Mr. A: went to Versailles, it being Ambassador’s Day. As he was passing through an entry at the Count de Vergennes’s, a Servant presented him a small canister, containing perhaps a little more than half a pound of tea, and ask’d him if he did not want some very excellent tea, that had come through Russia, by land from China; my father could not Refuse it, and enquired the price. Un Louis, Monsieur, said the fellow very coolly; and in that manner he put every one of the foreign Ministers to contribution, even in the House, of the King of France’s prime Minister. I don’t know whether such practices correspond, with their ideas of dignity; if so they are very different from mine.
In the afternoon I went into Paris alone: went to the Griffon, Rue de Bussy and bought some Stationary. To the Hôtel de Nassau Rue de la Harpe, to see Mm. la Comtesse d’Ouradou, but she was not within. Bought me a Couple of Trunks. Went to Mr. Jefferson’s: he tells me, that the Count, thinks of not going in the next Packet. I fear Mr. Williamos, after failing me, himself, has been endeavouring to persuade the Count to do so too, which I do not think is very polite. Mr. Jefferson, spoke concerning Virginia, a State, which he knows very particularly as it is his native Country. The blacks, he tells me, are very well treated there; and increase in population, more in proportion, than the whites. Before the War, he says the negroes, were to the whites, in the proportion of 3 to 4. Now they are as 10 to 11. which is a very material difference. He supposes about 500,000 souls in the State. He disapproves very much the Cultivation of Tobacco, and wishes, it may be laid entirely aside. He thinks wheat would be much more advantageous, and profitable, much less Laborious, and less hurtful to the ground: he is a man of great Judgment.
All dined at Mr. Jefferson’s, with Marquis and Marquise de la Fayette, Count and Countess d’Ouradou, Chevalier de la Fayette another french gentleman, Mr. Short, who this morning arrived from St. Germains, Mr. Bowdoin from Virginia, Mr. Jarvis, &c. I there learnt that Mr. West and Dr. Ruston, were not gone for England: after dinner I went with Mr. Jarvis, to the Hôtel d’Orleans, Rue St. Anne, to see Mr. Randall, who dined at Dr. Franklin’s to day. I went to West’s lodgings, but he was out. Saw Dr. Ruston, who does not go, till next week. Mr. Jarvis, brought me out as far as the Barriere de la Conference,1 where I luckily found our Carriage which was just passing by.
The weather has been exceeding fine, for a long time, but the drought is very great. All the Roads, are very inconveniently dusty, and daily Church processions are made to obtain Rain from Heaven. Grain, and Hay are extravagantly dear so that numbers of farmers, have been obliged to kill their Cattle, that they might not Starve to Death. Butter is 2 livres a pound, whereas, in the depth of winter, it is not commonly higher than 30 Sols, and in short if the present weather continues, I know not what will be the consequence the ensuing Fall and Winter.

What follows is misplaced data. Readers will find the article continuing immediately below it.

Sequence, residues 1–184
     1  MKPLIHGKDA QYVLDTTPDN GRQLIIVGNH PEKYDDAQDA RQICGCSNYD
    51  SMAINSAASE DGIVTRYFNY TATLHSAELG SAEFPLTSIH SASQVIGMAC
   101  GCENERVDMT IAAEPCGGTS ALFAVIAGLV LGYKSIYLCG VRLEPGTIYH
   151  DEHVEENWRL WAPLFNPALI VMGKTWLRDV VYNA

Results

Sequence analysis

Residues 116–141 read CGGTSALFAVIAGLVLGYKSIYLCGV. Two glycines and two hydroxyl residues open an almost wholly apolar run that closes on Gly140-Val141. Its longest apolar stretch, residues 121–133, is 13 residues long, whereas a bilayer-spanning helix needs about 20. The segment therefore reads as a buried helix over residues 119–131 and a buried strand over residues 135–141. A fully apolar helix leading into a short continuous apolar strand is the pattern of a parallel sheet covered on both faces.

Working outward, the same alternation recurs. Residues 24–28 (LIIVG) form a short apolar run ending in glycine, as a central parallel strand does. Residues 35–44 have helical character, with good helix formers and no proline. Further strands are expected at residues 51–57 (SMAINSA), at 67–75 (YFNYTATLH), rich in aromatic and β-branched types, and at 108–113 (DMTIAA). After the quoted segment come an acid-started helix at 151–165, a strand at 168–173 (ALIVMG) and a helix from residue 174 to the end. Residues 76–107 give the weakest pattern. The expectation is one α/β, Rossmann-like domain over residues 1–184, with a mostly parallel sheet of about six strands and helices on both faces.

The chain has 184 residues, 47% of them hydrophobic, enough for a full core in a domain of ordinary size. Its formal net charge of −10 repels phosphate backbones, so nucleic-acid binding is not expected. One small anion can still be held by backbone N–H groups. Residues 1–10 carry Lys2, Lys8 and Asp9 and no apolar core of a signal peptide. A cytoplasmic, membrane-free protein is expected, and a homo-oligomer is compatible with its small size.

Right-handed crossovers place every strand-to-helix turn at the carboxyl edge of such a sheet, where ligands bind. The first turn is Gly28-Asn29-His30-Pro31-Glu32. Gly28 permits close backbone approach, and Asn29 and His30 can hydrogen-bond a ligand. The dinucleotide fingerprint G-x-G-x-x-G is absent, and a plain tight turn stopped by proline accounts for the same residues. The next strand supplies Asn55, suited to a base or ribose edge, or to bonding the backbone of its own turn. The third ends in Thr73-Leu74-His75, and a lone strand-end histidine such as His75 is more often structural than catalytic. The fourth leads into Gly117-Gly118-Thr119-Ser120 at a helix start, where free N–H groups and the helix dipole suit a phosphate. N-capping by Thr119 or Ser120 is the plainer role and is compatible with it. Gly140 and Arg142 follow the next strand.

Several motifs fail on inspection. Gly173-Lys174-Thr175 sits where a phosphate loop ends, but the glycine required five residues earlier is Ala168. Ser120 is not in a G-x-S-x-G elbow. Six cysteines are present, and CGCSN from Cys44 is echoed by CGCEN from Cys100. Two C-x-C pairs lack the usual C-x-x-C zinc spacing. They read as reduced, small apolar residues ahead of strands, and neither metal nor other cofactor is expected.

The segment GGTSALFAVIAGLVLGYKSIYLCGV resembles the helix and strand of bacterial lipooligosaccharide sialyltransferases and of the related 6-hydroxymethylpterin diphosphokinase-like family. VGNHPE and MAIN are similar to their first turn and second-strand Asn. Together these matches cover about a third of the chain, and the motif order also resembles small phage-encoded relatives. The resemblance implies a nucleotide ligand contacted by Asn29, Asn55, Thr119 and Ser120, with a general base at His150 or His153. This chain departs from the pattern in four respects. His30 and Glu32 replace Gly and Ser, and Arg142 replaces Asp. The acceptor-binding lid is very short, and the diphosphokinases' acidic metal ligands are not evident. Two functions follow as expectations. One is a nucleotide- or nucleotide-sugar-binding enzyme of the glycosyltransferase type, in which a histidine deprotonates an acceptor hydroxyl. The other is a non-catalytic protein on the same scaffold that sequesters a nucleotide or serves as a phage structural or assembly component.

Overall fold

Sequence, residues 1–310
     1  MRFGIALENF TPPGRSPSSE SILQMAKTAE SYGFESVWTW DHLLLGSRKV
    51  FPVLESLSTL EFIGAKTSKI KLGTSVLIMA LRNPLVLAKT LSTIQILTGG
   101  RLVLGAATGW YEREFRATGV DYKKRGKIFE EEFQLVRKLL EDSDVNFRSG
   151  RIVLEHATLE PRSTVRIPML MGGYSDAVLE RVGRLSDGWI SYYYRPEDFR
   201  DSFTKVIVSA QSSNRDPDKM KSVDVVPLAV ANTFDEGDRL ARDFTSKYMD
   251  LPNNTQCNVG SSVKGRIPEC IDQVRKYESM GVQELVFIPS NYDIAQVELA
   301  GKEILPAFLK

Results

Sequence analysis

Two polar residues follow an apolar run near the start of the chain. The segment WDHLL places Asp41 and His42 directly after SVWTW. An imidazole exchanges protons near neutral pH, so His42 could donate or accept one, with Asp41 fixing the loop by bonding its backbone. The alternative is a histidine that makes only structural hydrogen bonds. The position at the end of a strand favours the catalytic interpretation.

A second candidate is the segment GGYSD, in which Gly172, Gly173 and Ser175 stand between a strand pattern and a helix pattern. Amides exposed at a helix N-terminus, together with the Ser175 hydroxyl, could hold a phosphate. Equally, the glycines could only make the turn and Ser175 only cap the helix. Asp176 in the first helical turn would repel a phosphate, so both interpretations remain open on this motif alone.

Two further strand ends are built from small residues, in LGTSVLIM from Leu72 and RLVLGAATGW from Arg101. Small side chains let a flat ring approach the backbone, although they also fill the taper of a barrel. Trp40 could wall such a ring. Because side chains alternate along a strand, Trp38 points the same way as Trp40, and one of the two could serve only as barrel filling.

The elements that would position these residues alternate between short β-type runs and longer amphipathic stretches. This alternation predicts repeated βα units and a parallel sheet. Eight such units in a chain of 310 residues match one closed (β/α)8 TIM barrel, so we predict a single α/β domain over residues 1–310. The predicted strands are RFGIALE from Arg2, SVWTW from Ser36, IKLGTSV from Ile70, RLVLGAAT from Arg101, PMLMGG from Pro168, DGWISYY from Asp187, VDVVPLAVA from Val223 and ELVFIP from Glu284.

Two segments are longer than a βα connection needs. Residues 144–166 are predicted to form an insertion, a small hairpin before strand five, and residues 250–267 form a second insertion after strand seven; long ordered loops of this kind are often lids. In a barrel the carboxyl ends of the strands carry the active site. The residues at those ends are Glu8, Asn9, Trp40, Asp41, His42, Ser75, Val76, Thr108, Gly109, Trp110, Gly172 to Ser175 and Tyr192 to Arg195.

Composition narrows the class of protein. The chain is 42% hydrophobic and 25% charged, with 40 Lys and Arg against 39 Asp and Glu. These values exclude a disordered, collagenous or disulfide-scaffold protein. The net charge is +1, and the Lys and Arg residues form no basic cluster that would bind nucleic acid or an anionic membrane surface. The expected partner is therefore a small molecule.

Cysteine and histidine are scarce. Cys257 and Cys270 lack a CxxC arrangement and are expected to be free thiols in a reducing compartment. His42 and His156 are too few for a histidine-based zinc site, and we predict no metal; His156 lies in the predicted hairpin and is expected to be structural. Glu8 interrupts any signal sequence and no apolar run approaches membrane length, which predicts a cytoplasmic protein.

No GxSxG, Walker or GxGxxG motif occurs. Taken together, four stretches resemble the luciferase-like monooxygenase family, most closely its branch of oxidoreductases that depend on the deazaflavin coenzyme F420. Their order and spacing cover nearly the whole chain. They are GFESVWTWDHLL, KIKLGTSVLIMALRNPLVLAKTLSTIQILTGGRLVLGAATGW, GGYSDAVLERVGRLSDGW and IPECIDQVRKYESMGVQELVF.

1. The Barrière de la Conférence, one of twenty-four principal barriers ringing Paris at the time, was a customs post where goods were taxed and traffic was examined for contraband (Robert de Hesseln, Dictionnaire universel de la France . . ., 6 vols., Paris, 1771, 5:110).
After dinner the Ladies went into Paris: I left them at the Place de Louis 15. and went to Mr. West’s lodgings: he had been out to Auteuil in the morning with Mr. Bowdoin, and had promised to meet me in the afternoon at his lodgings, but did not. I walk’d from 5. o’clock till 9 in the Palais Royal. Met M: de Gouvion there, and walk’d with him, about an hour and an half. He was much averse to the Packets, coming round from L’Orient to Le Havre, which has at length been determined upon; but they have been so slow and dilatory about it, that the time for the May Packet to go round has been lost, and I shall still be obliged to go down to L’Orient. M: de Gouvion says it will lengthen the Passage very considerably, and increase the danger. That besides, the greatest part of the Passengers in those Packets come from Marseilles, Bordeaux, and Nantes, and don’t come to Paris. All those, says he, will rather go home in Merchant Vessels, than, go so far as Le Hâvre. But Mr. de Gouvion, does not consider that great numbers of Americans, that cross the Atlantic from England, in merchants vessels, or the English packet, will in future, prefer to either the french Packet, as it will be so near, and much less expensive: I reminded him of this, and he agreed it was true.
Met Messrs. Jefferson, Short and Williamos: the Ladies made me wait so long, that I had well nigh taken a fiacre, to return home. Ten o’clock before we got to Auteuil.
Went into Paris early in the morning. Called at the Hôtel d’Orleans, Rue St. Anne. Mr. Wilson, and Mr. Warburton, were going for England at Noon. Hotel d’Orleans, Palais Royal: Dr. Ruston found West there, and accompanied him, to the Diligence, Rue Montmartre; at 12 o’clock they all went off. I walk’d with Mr. Jarvis in the Palais Royal, and afterwards went and dined with him, at the hotel d’Orleans, Rue des Petits Augustins. After dinner I called upon Mr. Randall, at the Hotel de l’Union, Rue St. Thomas du Louvre, and bought of him, the Carriage, in which he came from L’Orient. Gave him 20 louis d’or’s for it. Called upon the abbés and Mr. Grand, but did not find them.